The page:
Who Takes the Biggest Blame in a New York Construction Site Accident?

Who takes the biggest blame in a New York construction site accident?Construction sites are often places filled with all sorts of hazards, which is why the law says it is up to the contracting or construction company to provide a safe work environment for its employees while working on the site. Despite these provisions, accidents do happen on job sites, and for the most part, if you are working on a construction site, your employer can be liable for damages. The brunt of the responsibility to keep you safe on the job falls squarely on their shoulders.

However, in many instances, to save money and avoid the expense of liability, your employer has several ways they can try to escape the blame if you have been injured. If you were injured in an accident on a construction site, you should hire an construction site accident injury lawyer to argue your case, as there are many ways the defense could claim it was you who is to blame.

Who Is Liable?

Not long ago, workers built American cities without proper safety measures to ensure their health and livelihood. The law did little to protect them, and workers could easily be replaced, and those who had been injured were left to fend for themselves, either being at the mercy of their families or even charities if they were lucky. Labor laws were created to protect workers’ rights, to ensure they had safe work environments, proper training, and adequate safety equipment to do their jobs.

The term safe working environment is often loosely and broadly interpreted. However, if all provisions were in place, it should not be a coin toss whether you might die or be maimed on any given work day. State and Federal regulations are in place for a reason: to protect workers’ welfare. People should not have to risk life and limb every day to bring home a paycheck and support their families. In the past, the interests of the companies building high rises, ships, roads, and railroads considered human life less important than the money they could make for each job.

Labor laws hold companies responsible for training skilled employees, providing adequate safety equipment, and providing a safe work environment. Negligence leads to workplace injuries and is typically due to a company cutting corners or being lax in its observance of the law.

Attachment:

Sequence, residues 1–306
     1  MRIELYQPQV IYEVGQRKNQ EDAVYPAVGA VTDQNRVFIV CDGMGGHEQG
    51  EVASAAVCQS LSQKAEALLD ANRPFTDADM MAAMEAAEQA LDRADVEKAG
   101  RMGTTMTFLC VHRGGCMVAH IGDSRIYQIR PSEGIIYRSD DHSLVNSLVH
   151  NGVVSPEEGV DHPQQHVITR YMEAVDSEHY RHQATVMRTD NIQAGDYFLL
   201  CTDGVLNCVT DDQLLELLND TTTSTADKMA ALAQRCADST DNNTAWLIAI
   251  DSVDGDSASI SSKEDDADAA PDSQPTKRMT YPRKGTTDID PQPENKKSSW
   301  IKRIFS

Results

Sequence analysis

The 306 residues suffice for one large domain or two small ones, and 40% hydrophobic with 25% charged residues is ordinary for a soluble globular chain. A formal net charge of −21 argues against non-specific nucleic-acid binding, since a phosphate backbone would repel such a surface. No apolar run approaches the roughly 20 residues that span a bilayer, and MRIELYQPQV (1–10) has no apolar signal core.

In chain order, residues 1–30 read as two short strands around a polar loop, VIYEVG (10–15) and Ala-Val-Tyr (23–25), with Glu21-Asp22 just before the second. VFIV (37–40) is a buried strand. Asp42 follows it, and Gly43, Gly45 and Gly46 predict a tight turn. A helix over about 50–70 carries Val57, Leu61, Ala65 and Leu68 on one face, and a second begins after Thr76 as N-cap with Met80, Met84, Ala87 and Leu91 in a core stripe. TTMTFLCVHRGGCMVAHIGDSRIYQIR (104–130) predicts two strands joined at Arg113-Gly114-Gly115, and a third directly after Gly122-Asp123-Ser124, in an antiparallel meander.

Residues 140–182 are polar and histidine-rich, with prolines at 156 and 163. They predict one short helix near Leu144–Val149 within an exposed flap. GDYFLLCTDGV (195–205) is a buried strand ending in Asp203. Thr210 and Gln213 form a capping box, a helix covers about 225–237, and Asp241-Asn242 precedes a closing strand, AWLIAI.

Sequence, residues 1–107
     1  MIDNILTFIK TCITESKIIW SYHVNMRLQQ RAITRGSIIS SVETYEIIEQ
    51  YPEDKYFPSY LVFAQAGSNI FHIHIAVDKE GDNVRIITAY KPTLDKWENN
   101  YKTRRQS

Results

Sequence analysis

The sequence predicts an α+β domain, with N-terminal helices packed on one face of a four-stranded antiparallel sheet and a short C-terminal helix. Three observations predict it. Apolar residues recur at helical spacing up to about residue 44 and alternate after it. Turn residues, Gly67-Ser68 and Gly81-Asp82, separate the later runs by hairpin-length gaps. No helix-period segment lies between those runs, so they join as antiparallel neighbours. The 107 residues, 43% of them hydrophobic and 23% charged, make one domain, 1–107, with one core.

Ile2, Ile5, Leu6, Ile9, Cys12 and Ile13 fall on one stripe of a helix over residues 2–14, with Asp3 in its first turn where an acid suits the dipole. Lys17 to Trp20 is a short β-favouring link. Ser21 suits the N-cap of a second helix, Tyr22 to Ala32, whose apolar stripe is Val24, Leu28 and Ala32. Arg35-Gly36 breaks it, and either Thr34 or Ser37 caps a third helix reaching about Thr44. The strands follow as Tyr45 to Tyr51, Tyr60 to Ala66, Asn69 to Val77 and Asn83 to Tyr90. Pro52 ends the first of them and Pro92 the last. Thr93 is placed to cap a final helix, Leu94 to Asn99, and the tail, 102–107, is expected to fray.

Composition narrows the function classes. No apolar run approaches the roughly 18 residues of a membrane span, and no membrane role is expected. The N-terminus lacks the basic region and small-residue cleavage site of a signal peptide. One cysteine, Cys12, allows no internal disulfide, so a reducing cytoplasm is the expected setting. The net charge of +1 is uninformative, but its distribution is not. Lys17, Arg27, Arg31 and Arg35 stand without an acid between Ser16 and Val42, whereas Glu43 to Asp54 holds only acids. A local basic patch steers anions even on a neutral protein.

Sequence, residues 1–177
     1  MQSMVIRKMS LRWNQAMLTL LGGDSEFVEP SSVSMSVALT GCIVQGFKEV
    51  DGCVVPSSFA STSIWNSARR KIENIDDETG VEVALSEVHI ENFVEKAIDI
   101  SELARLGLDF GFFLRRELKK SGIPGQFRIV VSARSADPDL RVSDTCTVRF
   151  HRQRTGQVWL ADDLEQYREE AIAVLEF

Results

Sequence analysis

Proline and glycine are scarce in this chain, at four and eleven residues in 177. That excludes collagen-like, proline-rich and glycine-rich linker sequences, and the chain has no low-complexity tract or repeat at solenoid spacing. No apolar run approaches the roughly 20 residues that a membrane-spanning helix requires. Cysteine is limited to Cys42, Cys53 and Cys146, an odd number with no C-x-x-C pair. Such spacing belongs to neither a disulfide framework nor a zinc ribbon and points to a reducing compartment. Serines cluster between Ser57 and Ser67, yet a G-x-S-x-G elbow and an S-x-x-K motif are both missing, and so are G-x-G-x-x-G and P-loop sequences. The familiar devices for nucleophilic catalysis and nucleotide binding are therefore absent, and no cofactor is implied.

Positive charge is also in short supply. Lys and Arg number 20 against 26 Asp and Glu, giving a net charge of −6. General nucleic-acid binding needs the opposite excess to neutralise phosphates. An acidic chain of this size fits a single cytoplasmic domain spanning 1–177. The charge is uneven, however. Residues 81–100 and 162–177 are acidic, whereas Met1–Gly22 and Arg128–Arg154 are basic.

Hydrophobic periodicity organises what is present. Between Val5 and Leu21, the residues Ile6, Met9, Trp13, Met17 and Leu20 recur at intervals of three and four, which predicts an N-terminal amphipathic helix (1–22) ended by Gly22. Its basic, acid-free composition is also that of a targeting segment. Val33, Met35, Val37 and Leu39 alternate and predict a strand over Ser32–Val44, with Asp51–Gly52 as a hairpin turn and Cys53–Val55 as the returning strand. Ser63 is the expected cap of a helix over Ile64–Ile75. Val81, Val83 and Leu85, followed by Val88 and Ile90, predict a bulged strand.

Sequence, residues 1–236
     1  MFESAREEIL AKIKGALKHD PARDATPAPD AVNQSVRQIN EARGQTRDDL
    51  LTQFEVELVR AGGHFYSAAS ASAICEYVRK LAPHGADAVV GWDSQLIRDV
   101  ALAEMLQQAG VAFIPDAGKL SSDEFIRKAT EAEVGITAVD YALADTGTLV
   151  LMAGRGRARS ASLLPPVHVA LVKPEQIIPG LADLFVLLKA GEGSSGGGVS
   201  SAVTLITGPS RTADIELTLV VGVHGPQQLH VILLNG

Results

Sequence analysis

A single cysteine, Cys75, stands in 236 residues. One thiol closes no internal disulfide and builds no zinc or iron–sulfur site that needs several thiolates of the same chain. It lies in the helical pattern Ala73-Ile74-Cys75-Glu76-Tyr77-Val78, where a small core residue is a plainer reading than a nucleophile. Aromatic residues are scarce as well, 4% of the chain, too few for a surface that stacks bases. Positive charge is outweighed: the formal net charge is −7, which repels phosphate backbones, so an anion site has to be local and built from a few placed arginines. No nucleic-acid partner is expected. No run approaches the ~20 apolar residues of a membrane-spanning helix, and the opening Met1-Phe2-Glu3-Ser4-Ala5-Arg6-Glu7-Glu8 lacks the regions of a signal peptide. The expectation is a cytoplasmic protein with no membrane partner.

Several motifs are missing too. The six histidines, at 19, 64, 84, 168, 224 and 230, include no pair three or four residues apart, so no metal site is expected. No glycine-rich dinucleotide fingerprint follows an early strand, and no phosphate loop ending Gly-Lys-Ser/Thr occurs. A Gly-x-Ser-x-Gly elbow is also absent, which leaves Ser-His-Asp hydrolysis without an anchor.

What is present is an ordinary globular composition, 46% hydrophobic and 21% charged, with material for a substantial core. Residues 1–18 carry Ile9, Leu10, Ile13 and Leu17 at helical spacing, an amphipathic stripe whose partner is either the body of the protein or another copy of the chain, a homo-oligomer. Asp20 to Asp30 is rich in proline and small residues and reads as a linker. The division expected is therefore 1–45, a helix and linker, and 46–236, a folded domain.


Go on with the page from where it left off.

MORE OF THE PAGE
OSHA regulations might seem inconvenient to some, but they protect workers from minor and major injuries. Labor laws restrict any number of things, such as: how many hours per day an employer is allowed to let employees work, dangers are indicated with signs, personal protection gear is worn at all times, and the rights of the employees are prominently displayed. Failure to do so is on the employer.

Types of accidents

Construction zones are dangerous places, especially without the proper training and infrastructure to ensure workers’ safety.

Here are some ways that accidents can happen on the job.

  • Falling from height: Falls from a height higher than the person’s body length can be very dangerous. Slipping and falling on scaffolds, platforms, and upper levels of structures are responsible for many accidents. The results could be broken bones, spinal injuries, traumatic brain injuries, and even loss of life or limb due to impalement or severing body parts.
  • Falling object: When objects fall from a great height, they build up a lot of kinetic energy, which can overwhelm personal protection gear such as hard hats and protective clothing. Head injuries are most common with falling object accidents, leading to permanent cognitive damage, broken bones, and even death.
  • Eye injury: Eye injuries occur from metal fragments coming out of a cutting project to a chunk of rebar coming off during a hammer strike. Proper eye protection helps, but it is not 100 percent foolproof.